Despite slowing applications, the program is fueling a substantial amount of mortgages. Currently 200 applicants are in an unconditional contract of purchase, representing $3.1 million in down payment assistance. As of September 1, 2017, 1,135 mortgages have been funded, representing $16.5 million in down payment assistance. Those numbers might not seem huge, but distribution is key to how this impacts sales.

This works out to just under 2% of purchases in the province, which is nothing to sneeze at. You also have to remember that these only apply to high-ratio mortgages, which can only be used on a mortgage less than $750,000 in value. Additionally, while they didn’t specify what regions they are from this time, almost half of these loans in the first quarter were for Metro Vancouver buyers. This provides additional pressure to “lower” priced homes in the province, especially if concentrated in certain regions.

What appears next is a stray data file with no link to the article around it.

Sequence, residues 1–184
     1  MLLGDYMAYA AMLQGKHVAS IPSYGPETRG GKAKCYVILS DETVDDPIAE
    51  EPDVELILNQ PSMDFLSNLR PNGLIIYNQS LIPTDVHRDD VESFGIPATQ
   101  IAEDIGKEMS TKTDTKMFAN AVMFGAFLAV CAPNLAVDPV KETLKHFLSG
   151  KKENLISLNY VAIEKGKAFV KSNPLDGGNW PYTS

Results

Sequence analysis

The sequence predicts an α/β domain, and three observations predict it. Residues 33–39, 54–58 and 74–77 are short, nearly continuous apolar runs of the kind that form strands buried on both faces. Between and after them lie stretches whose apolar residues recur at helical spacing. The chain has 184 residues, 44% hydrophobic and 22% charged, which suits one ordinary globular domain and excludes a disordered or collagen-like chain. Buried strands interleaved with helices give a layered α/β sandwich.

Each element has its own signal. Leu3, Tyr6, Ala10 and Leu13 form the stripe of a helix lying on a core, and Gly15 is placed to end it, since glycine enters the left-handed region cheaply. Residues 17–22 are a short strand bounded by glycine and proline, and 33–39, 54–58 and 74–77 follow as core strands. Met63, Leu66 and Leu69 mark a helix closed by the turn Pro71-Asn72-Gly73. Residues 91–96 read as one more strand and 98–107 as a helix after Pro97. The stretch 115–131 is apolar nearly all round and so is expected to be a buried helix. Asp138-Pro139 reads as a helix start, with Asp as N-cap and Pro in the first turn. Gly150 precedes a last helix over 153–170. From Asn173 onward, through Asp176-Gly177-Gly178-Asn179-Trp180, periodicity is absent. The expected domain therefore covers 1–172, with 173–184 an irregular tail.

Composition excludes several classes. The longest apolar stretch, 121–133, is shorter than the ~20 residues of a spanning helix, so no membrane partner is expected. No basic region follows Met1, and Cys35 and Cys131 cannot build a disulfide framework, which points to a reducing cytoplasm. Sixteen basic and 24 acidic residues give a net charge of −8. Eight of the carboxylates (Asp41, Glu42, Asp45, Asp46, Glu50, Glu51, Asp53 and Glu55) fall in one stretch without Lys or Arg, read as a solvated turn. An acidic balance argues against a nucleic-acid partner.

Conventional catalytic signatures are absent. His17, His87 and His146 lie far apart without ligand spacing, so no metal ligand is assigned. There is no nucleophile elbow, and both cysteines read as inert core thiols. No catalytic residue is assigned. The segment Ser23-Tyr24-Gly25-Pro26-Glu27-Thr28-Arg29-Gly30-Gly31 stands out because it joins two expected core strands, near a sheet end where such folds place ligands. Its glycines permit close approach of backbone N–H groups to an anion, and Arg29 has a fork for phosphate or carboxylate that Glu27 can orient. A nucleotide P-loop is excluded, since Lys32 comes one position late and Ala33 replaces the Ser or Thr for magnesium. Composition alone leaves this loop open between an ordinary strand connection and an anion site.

One Person Has Paid It Off

A curious statistic surfaced in the stat update, someone has paid the loan off already. Since the loan is interest free for five years, and the buyer is in a high-ratio mortgage, it’s unclear why the buyer would tackle the cheapest debt first. Unfortunately, BC Housing couldn’t provide further details, but I can only think of three reasons why someone would do this:

  • They don’t like having debt on their books, and didn’t care that they were tackling the cheapest debt first.
  • They had a sudden windfall over the past 8 months, and were able to pay off all of their debt at once.
  • They sold the property. Condos are 17% higher in Metro Vancouver in July than they were in January, representing an increase of ~$88,000. If it’s this one, that’s a pretty impressive haul.